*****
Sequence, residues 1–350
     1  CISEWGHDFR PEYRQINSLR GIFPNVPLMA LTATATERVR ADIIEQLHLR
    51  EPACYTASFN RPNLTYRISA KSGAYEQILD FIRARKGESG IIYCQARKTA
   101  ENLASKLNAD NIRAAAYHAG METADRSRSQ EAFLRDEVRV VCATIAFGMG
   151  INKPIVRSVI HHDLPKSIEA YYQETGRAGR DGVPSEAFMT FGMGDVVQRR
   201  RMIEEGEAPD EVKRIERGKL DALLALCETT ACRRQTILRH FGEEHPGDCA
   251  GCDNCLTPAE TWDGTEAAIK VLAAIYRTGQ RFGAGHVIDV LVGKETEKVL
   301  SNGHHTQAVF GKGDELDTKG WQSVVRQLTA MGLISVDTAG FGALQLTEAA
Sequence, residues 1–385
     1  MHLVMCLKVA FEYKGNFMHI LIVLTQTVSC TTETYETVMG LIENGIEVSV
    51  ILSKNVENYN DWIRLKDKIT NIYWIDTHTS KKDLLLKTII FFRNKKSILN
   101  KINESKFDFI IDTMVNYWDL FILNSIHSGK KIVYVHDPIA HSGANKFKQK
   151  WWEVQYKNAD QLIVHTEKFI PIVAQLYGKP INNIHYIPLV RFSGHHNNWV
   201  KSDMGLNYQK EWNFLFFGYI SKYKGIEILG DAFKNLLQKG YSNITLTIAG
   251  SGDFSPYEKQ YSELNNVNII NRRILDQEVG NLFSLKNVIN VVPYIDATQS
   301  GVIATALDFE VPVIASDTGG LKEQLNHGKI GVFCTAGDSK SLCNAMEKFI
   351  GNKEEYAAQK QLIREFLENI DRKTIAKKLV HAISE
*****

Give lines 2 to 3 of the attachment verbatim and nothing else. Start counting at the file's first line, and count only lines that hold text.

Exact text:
     1  CISEWGHDFR PEYRQINSLR GIFPNVPLMA LTATATERVR ADIIEQLHLR
    51  EPACYTASFN RPNLTYRISA KSGAYEQILD FIRARKGESG IIYCQARKTA